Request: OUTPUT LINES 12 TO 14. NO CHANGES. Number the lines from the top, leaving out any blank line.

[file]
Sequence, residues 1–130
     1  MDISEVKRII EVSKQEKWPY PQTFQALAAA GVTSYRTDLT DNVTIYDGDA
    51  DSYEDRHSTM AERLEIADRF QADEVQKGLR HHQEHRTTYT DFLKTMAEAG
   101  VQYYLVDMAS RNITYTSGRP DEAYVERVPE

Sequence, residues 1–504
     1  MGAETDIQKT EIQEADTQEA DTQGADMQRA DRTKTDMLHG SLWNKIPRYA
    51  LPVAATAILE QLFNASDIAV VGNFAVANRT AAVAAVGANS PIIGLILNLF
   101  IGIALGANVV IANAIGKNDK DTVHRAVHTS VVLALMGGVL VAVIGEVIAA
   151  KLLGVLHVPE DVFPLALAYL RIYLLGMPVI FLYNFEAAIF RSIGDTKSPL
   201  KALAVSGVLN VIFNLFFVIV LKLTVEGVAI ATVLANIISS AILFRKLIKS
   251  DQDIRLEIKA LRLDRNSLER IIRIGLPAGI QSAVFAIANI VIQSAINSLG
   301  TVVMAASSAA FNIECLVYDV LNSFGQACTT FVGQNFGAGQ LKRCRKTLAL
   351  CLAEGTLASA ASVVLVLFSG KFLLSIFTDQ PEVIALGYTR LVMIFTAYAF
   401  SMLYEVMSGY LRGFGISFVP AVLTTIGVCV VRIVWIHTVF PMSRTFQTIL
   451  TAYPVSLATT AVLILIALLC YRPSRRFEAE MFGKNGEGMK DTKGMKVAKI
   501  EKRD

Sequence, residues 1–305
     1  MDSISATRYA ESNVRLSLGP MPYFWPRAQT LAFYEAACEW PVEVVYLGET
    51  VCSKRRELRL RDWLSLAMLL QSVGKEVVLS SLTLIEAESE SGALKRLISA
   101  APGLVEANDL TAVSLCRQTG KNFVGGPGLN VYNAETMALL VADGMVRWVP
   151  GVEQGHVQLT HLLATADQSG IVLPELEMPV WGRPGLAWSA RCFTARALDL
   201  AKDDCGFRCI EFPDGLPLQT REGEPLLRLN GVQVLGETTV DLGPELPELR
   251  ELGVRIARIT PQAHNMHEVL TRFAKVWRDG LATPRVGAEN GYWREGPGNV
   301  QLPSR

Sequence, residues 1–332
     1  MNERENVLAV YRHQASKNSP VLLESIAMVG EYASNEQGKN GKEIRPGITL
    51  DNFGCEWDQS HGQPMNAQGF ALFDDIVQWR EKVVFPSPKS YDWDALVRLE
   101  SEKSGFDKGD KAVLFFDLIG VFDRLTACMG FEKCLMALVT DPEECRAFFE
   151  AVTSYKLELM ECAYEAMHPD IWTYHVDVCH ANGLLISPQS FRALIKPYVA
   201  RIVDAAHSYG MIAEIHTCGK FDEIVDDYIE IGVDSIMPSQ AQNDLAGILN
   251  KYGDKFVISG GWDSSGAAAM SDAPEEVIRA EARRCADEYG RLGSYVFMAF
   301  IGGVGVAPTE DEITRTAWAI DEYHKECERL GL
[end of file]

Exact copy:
   301  TVVMAASSAA FNIECLVYDV LNSFGQACTT FVGQNFGAGQ LKRCRKTLAL
   351  CLAEGTLASA ASVVLVLFSG KFLLSIFTDQ PEVIALGYTR LVMIFTAYAF
   401  SMLYEVMSGY LRGFGISFVP AVLTTIGVCV VRIVWIHTVF PMSRTFQTIL